Everyone knows that Amsterdam is where you travel to smoke pot legally — if you don’t, opt out — but what about the cost of travel in Amsterdam?
Holland is one of the most developed, sophisticated countries in Europe and Amsterdam is, by far, the most popular city for travel in Holland. Although a trip to the Netherlands isn’t going to set you back as much as travel to Switzerland or Norway, certain aspects of travel in Amsterdam are expensive, even by European standards.
Costs of Hotels and Hostels in Amsterdam
Lodging will be, without a doubt, one of the largest expenditures you incur when you travel to Amsterdam, whether you prefer to stay in a hotel or hostel.
When I travel to Amsterdam, I usually stay in a hotel, if only to appease my picky Swiss travel companions. My Amsterdam hotel of choice is the Hotel Washington, which runs around 150 euro for a triple room, or about $70 per person, per night. Hotel Washington is a beautiful, historic hotel located in the heart of the Amsterdam Museumplein. Although cheaper hotels in Amsterdam can be found, you sacrifice both location and quality as the prices goes down.
Amsterdam hostels are cheaper than hotels in Amsterdam, but are still expensive as that sort of accommodation goes. Whether you stay at St. Christopher’s at the Winston on Warmoestraat or the top-rated Flying Pig Hostel, you can expect to pay a minimum of 30 U.S. dollars per night for a single bed in a dormitory.
Transportation Costs in Amsterdam
Transportation is Amsterdam is a combination of trams, buses, bicycles and even an underground rail system that extends out to the suburbs. If you’re like me, you ignore most of these and simply walk through Amsterdam, whose urban core is definitely small enough to do so.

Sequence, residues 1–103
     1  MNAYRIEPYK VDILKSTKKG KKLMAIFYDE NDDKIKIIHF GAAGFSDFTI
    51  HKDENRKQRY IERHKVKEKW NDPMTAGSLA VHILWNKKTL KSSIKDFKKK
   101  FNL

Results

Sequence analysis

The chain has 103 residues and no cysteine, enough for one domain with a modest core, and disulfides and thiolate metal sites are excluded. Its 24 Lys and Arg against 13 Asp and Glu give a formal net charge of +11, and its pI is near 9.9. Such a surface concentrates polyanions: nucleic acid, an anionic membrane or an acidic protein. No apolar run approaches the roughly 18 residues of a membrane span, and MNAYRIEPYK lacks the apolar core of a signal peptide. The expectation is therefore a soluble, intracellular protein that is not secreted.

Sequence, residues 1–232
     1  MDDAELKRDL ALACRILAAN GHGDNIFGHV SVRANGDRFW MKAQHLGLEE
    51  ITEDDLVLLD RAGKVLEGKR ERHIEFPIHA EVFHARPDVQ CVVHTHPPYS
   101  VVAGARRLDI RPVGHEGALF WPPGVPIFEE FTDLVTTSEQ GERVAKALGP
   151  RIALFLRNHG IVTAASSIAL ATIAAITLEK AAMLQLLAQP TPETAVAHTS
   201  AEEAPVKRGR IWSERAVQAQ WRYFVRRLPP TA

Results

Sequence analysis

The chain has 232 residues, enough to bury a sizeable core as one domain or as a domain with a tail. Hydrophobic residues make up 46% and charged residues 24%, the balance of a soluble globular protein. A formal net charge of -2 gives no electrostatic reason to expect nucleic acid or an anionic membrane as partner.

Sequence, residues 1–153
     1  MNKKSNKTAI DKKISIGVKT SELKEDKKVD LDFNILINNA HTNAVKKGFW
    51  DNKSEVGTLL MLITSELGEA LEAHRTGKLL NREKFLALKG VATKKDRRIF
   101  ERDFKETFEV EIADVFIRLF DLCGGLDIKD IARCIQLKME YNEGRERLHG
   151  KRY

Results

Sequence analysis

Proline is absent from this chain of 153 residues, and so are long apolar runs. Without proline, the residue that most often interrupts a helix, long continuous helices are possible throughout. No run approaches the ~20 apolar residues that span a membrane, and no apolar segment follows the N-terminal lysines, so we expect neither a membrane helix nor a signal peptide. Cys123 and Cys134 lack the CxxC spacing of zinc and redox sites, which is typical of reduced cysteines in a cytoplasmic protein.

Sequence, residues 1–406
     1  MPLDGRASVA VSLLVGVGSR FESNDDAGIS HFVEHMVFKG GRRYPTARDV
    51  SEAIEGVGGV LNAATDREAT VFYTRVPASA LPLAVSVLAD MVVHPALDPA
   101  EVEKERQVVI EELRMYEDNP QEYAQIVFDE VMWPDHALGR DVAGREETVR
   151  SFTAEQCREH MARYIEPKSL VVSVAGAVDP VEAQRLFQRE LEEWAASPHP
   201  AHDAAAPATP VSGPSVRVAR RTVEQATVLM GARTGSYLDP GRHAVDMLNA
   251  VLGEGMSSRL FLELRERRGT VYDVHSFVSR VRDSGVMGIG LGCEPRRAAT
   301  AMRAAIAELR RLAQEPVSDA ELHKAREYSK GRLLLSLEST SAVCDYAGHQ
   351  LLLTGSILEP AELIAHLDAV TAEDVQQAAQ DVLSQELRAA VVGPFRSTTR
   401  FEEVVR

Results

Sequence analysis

If you don’t want to walk or are staying too far out of town during your Amsterdam travel to make walking practical, visit the Amsterdam Tourist Information center just opposite Centraal Station when you arrive and pick up an Iamsterdam card. The Iamsterdam card provides you with unlimited use of Amsterdam’s trams and buses, as well as free entry into museums, for 72 hours after you purchase the card, which costs € 60 as of March 2012.
Food and Drink Prices in Amsterdam
In spite of how expensive hotels in Amsterdam tend to be, it can be relatively affordable to eat and drink in Amsterdam. A cone of fresh fries in Dam Square, for example, is unlikely to run you more than four euro, while a glass of house wine at any nearby café will cost around three euro.
Eating in proper Amsterdam restaurants (or coffee shops, as the case may be) is also rather affordable, although prices at “real” restaurants in Amsterdam tend to be more in line with what you’d pay in the rest of continental Europe. A set breakfast with eggs, meat and toast will cost you between 7-9 euro, while lunch and dinner salads can run more than €10 each.
The easiest way to keep food and drink costs low when you travel in Amsterdam is to eat breakfast at your hostel — and, if possible, cook in your hostel — and be judicious in your food and beverage purchases when you’re out and about. Remember: Budget travel doesn’t have to be impoverished travel, you just have to sacrifice in advance of every splurge.
Cost of Doing Things in Amsterdam
If you take my advice a few paragraphs up and purchase the Iamsterdam card, most of what you do in Amsterdam (for most of what there is to do when you travel in Amsterdam is museum-related) will be covered by the price of your card. If you don’t, you can expect à la carte entrance into museums, be they the Van Gogh Museum, Anne Frank House or even the Sex Museum, to run you between €10-20 each.
If you plan to smoke weed when you travel in Amsterdam, you can expect each bag to run between €8-10, which doesn’t include what you’ll spend on papers, filters and lighters. Don’t bother buying cigarettes if you’re not a tobacco smoker, though: It’s illegal to add tobacco to your joints in Amsterdam.
Don’t want to spend a ton of money when you travel in Amsterdam? Do like I do and occupy the majority of your time strolling the city’s streets and canals and practicing your travel photography skills.